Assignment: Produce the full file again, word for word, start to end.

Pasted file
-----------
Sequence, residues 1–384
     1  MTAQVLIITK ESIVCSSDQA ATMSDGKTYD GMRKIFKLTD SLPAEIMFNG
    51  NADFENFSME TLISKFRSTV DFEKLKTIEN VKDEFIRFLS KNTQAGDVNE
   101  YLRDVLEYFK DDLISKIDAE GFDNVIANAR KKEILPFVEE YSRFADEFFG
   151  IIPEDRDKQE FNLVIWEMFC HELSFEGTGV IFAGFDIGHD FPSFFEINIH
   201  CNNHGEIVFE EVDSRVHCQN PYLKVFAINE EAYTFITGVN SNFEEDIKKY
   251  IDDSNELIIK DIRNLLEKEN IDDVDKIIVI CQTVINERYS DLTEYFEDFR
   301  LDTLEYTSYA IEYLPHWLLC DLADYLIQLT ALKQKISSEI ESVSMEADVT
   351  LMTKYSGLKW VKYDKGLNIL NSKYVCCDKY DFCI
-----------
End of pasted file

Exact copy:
Sequence, residues 1–384
     1  MTAQVLIITK ESIVCSSDQA ATMSDGKTYD GMRKIFKLTD SLPAEIMFNG
    51  NADFENFSME TLISKFRSTV DFEKLKTIEN VKDEFIRFLS KNTQAGDVNE
   101  YLRDVLEYFK DDLISKIDAE GFDNVIANAR KKEILPFVEE YSRFADEFFG
   151  IIPEDRDKQE FNLVIWEMFC HELSFEGTGV IFAGFDIGHD FPSFFEINIH
   201  CNNHGEIVFE EVDSRVHCQN PYLKVFAINE EAYTFITGVN SNFEEDIKKY
   251  IDDSNELIIK DIRNLLEKEN IDDVDKIIVI CQTVINERYS DLTEYFEDFR
   301  LDTLEYTSYA IEYLPHWLLC DLADYLIQLT ALKQKISSEI ESVSMEADVT
   351  LMTKYSGLKW VKYDKGLNIL NSKYVCCDKY DFCI